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Security cluster cracks the whip on criminals

Written by Noluthando Mkhize
South Africa is a much safer place than it was 20 years ago with police working hard to reduce crime and the justice system keeping criminals behind bars.

During 20 Years of Freedom, the police, the South African Defence National Force and judicial officers have worked together efficiently to make South Africa safer.As the country celebrates 20 Years of Freedom, one of the democratic South Africa’s success stories is progress in the fight against crime.

Much of this success is down to good work by the Justice, Crime Prevention and Security Cluster (JCPS), which includes the South African Police Service, State Security, Home Affairs and Justice and Constitutional Development. Justice Minister Jeff Radebe recently reflected on the accomplishments of this cluster, noting that its aim was a safe society.

There had been significant decrease – just under 40 per cent - in contact crimes such as rape, murder and assault between 2004 and 2012, he said.

The cluster was also working hard to tackle sexual offences with the establishment of Thuthuzela Care Centres (TCC) across the country.

TCCs are one-stop facilities to reduce secondary trauma for the victim, improve conviction rates and cut the time taken to finalise cases.

The centres offer rape victims care, treatment and support, including anti-retroviral drugs to reduce the risk of HIV infection, treatment of sexually transmitted infections, prevention of unwanted pregnancy and counselling.

At the moment, there are 35 fully functional TCCs, while centres at a further 16 sites are open but offering limited services.

The conviction rate in the prosecution of sexual offences reported at TCCs for the second quarter of last year was 65.8 per cent, which is an improvement of 5.2 per cent compared to 2012.

Sexual Offences Courts

In August last year the Sexual Offences Courts were re-launched.

Fifty-seven Sexual Offences Courts are now operational and another 22 are expected to be re-established.

Minister Radebe said the fight against corruption had been also stepped up, resulting in a number of arrests. In total 522 incidents of serious corruption were recorded by the end June 2013.

About 791 people are currently under criminal, financial or forensic investigation. By the end of September last year, 228 people had been successfully convicted for corruption related crimes.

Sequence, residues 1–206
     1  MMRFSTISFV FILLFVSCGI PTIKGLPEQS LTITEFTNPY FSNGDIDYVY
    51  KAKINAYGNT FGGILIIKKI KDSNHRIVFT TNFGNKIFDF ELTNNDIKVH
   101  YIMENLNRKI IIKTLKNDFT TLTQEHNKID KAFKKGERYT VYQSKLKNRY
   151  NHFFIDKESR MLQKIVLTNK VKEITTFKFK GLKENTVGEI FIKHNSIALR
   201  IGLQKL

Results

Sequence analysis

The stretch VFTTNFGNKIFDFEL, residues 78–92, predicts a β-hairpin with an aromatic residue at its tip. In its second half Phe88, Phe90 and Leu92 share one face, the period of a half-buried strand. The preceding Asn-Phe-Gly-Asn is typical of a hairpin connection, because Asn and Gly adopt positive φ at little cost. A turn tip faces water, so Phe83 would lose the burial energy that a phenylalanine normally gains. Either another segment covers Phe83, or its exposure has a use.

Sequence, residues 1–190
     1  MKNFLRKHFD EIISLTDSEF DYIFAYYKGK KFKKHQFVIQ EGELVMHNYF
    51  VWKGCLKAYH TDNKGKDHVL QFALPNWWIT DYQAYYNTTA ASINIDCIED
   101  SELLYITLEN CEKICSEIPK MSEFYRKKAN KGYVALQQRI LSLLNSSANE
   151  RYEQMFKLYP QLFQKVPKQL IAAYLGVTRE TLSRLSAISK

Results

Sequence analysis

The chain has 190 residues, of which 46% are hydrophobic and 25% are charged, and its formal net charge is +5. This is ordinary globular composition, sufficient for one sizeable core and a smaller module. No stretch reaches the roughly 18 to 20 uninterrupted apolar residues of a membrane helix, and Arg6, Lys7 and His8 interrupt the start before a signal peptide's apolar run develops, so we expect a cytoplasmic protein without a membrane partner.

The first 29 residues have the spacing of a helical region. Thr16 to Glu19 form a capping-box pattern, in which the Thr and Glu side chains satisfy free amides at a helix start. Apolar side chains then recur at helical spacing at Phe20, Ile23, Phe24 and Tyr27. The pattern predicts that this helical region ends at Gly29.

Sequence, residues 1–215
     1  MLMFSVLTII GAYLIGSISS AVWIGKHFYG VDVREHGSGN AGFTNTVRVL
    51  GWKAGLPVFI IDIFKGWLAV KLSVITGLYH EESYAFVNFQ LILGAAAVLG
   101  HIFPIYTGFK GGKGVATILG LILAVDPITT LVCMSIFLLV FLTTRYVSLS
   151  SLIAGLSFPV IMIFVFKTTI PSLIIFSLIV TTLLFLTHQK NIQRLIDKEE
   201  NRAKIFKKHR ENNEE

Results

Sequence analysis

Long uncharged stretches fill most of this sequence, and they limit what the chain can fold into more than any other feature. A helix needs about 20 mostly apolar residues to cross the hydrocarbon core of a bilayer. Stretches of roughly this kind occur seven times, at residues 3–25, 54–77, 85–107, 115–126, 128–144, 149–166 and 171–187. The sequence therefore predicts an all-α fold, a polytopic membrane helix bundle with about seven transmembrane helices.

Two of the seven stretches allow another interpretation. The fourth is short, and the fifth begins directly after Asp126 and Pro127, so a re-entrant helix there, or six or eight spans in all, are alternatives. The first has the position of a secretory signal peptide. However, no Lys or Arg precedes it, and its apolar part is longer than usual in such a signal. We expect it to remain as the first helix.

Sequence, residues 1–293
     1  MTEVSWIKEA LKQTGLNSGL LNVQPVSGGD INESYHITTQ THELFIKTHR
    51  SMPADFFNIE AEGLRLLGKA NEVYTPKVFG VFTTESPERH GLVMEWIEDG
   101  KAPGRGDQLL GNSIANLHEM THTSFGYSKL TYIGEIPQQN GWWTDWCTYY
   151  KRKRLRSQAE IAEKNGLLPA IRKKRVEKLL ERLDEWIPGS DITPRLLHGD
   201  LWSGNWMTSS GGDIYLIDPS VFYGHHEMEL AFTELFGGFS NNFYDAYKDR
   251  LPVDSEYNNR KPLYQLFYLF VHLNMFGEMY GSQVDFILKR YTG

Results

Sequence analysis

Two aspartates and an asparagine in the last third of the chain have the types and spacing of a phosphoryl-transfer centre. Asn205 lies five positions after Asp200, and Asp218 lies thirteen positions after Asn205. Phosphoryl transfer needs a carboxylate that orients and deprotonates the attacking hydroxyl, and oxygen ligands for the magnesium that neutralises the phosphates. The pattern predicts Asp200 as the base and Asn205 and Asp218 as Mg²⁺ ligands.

SANDF

The South African Defence Force (SANDF) is also playing a role in ensuring the safety of South Africans by patrolling country’s borders.

Last year 2 469 SANDF members were deployed to Limpopo, Mpumalanga, KwaZulu- Natal, Free State, Eastern Cape, Northern Cape and North West to patrol the borders these provinces share with neighbouring countries.

The SANDF apprehended 600 undocumented people, the majority of whom were arrested along the border between South Africa and Zimbabwe. The SANDF also confiscated illegal imports to the value of about R1.2 million at the South Africa and Zimbabwe border. The total amount of illegal imports confiscated at all the country’s borders was valued at about R1.7 million.

The Department of Justice was also making progress in making sure criminals paid for their crimes.

Conviction rates

The Minister said when it came to conviction rates, courts at all levels performed better than the targets set for quarters one and two of the 2013/14 financial year.

The High Courts’ target was 87 per cent and performance stood at 88.1 per cent while the Regional Courts’ target was 74 per cent and their performance was 75.3 per cent.

District Courts were set a target of 87 per cent and the achievement was an exceptional 96.6 per cent conviction rate.

Minister Radebe acknowledged the backlogs within the justice system that stood at 26 233 by the end of September 2013.

“The total backlog cases at the end of September 2013 for all courts stood at new record low of only 26 233 cases, which is 24.7 per cent better than the target set for the end of quarter two of 32 117.” He added that progress was being made in transforming the judiciary.

“We have made significant strides... Today 61 per cent of judges are black compared to only one black [judge] in 1994. Similar progress has been made in addressing race and gender imbalances in the magistracy. Of the 1661 magistrates, 974 are black and 687 are white, 647 are women and 1014 are men.”

Infrastructure has also been improved with 43 courts built since 1994.

“Besides the 43 new courts, we have revamped and equipped a further 24 Branch Courts and elevated them into proper courts. The outstanding 65 Branch Courts and 230 Periodical Courts have been lined-up for rehabilitation consistent with the National Development Plan,” said the Minister during his Budget Vote.

He added that the Limpopo High Court will be completed by June this year and the construction of the Mpumalanga High Court is expected to begin in July.

Over the next three years six new courts are due to be built.